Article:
Charles Clanton Rogers

Reflections based on poetry, music, visual art, book reviews, history of science, first-person history, philosophical essays and International Blogging

Image-1I was born a patriot. My green shoot flowered on December 7, 1941. Franklin Roosevelt spoke to me from the family radio with his fireside chats throughout the Second World War. My uncles were the epitome of the American citizen-soldier fighting force. We had a Blue Star flag in our window and my Grandmother and I raised The American Flag  each morning. We said the Pledge of Allegiance everyday at school. Portraits of George Washington and Franklin Roosevelt were in every classroom. On Memorial Day, I put on my Boy Scout uniform and placed a small American Flag on each grave in our Veterans Memorial Cemetery.

When I became eighteen, I enlisted in the Navy and for the next twelve years I served, variously, as a reserve Seaman and active duty Medical Officer. I swore to defend the Constitution of the United States against all enemies, foreign or domestic. I was a representative of the United States to the British Medical Research Council, in London, for two years.

These are my USA credentials. Without apology, I love my country;It has rewarded me well, but I am concerned for its Third Century.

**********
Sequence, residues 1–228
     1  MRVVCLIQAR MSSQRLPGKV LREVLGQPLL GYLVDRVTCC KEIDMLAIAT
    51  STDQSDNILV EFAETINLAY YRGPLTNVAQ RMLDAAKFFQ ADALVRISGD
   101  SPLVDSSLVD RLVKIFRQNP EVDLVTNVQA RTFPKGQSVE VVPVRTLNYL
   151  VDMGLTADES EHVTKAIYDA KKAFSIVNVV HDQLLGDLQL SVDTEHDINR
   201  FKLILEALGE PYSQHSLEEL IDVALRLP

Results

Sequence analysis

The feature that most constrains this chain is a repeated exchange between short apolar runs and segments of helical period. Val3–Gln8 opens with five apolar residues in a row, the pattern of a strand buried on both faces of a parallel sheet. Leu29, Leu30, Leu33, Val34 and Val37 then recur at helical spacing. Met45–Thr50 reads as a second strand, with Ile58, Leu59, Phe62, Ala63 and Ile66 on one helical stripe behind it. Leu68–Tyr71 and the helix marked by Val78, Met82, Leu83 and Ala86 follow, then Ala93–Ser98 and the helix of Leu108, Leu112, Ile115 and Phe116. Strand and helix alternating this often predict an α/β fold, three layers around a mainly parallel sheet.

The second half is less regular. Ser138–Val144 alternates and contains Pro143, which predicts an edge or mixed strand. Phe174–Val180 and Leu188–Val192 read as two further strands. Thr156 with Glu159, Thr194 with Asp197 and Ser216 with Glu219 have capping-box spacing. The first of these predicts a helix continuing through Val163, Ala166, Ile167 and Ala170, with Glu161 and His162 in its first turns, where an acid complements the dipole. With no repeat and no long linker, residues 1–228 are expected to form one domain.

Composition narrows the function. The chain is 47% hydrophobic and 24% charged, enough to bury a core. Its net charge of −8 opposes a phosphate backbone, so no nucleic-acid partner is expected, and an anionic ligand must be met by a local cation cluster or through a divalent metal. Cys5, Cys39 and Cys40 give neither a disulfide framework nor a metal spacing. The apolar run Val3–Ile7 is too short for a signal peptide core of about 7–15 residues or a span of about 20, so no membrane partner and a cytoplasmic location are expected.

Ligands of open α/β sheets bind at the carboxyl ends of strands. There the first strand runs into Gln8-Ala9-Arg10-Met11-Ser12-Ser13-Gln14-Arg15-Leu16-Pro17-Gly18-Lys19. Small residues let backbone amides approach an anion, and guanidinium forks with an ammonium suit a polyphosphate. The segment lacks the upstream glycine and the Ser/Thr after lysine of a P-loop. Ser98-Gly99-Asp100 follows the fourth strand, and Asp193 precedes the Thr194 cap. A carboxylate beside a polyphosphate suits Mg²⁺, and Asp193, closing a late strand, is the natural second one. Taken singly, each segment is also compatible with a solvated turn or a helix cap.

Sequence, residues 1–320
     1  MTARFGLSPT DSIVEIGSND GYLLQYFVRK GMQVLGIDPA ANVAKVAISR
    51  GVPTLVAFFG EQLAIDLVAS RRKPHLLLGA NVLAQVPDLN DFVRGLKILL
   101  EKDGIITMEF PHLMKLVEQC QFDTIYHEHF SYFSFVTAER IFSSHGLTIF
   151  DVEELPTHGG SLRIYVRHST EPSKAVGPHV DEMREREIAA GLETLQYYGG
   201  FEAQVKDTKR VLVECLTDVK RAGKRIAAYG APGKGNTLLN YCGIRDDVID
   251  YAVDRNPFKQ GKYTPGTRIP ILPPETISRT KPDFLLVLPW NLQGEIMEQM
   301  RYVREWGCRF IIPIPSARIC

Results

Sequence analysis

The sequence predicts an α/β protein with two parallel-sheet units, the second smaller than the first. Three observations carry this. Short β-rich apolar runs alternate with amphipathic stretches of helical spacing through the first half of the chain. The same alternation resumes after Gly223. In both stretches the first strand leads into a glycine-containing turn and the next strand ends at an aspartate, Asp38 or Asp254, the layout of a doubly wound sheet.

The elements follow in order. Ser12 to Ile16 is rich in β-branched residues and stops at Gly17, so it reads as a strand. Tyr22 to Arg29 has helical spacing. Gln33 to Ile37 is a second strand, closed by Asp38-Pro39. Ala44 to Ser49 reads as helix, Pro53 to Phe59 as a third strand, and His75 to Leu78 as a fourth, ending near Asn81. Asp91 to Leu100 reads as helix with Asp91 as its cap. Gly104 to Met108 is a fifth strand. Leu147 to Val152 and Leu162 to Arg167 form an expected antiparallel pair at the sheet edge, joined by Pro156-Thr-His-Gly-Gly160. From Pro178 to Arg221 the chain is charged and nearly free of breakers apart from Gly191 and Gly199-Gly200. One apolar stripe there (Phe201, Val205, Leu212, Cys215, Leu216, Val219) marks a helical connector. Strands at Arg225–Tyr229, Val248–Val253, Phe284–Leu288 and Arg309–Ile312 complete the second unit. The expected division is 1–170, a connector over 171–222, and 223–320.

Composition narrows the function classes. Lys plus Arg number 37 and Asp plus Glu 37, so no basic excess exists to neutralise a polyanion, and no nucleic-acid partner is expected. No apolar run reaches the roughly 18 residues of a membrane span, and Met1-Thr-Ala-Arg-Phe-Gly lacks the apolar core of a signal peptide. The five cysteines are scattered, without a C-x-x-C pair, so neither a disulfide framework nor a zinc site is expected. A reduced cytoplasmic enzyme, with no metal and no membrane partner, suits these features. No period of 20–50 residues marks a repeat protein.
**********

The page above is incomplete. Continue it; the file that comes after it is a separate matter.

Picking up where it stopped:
In my youth, the war years, almost everyone I knew and virtually all of the national news, expressed unity. Although FDR was a major news story almost constantly, no media ever published a photograph of President Roosevelt in his wheelchair even though he spent virtually all of his waking hours there. That was symbolic of the culture of respect and dignity which existed. This attitude fostered self respect and pride in our contributions. The country worked. Seemingly everyone was in service or had a family member in uniform. From 1941, over sixteen million Americans were in the military. Eighteen million women entered the defense industry. Over fifty-nine thousand nurses were on active duty. Our industry rapidly accelerated production until we had made 310,000 aircraft, 124,00 ships and 100,000 tanks and amored vehicles.

Although still suffering economic damage of The Great Depression, we tithed for our Churches and then bought “War Bonds” to help finance The War.

Now I am greatly concerned about divisions in our society. The divisions are multiple and complex. Great passions are flaming their opposition on every new vehicle of communication and tens of thousands of us are marching in the streets. Allegedly in defense of each of our individual prerogatives, we are killing each other, not for treasure, but for respect. Ironically, unlike physical treasure , of which there is a finite and limited quantity, the reservoir of respect and love is bottomless. Everyone already has these arrows in their quiver! How can our Country have lost its way? What is required?

I can hear the cries of: “naive”! as I write each word. However I challenge us to use the wisdom which has endured since the Eighth Century, B.C.

It is not complex but would it will require an enormous discipline:

“And what does The Lord require of you?: To act justly and love mercy and walk humbly with your God”
Micah 6:8

One thought on “A Very Personal New Year’s Post: “Act Justly and Love Mercy…”

  1. Trudie says:

    Happy New Year! Thanks for sharing your thoughts

    Liked by 1 person

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